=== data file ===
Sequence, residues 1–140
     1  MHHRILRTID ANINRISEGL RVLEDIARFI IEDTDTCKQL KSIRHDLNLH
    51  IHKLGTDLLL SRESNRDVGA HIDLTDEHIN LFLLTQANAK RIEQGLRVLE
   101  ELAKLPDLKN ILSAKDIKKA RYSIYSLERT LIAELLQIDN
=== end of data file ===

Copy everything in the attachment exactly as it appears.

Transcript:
Sequence, residues 1–140
     1  MHHRILRTID ANINRISEGL RVLEDIARFI IEDTDTCKQL KSIRHDLNLH
    51  IHKLGTDLLL SRESNRDVGA HIDLTDEHIN LFLLTQANAK RIEQGLRVLE
   101  ELAKLPDLKN ILSAKDIKKA RYSIYSLERT LIAELLQIDN